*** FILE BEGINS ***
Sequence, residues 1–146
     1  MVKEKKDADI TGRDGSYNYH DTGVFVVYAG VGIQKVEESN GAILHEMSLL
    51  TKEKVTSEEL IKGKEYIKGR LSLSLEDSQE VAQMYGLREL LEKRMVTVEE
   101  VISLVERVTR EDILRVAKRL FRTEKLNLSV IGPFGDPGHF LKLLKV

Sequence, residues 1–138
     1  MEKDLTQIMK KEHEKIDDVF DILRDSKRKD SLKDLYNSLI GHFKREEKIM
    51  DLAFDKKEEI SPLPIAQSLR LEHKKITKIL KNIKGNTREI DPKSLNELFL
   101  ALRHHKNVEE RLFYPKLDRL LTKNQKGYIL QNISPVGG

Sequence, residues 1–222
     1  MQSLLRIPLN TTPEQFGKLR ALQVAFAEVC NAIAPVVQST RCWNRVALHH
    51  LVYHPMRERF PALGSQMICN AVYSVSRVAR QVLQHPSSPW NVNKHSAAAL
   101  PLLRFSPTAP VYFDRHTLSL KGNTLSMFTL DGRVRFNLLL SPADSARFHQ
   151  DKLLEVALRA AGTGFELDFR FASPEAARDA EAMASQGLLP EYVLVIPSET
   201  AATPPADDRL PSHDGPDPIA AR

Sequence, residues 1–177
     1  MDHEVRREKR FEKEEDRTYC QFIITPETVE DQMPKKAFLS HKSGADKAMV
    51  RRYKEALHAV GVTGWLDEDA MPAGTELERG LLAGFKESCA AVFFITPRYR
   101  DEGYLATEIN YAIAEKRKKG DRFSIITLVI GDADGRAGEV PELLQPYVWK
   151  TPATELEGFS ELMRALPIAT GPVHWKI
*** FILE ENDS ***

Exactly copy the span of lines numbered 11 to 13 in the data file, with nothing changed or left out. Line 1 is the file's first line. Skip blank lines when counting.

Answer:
    51  LVYHPMRERF PALGSQMICN AVYSVSRVAR QVLQHPSSPW NVNKHSAAAL
   101  PLLRFSPTAP VYFDRHTLSL KGNTLSMFTL DGRVRFNLLL SPADSARFHQ
   151  DKLLEVALRA AGTGFELDFR FASPEAARDA EAMASQGLLP EYVLVIPSET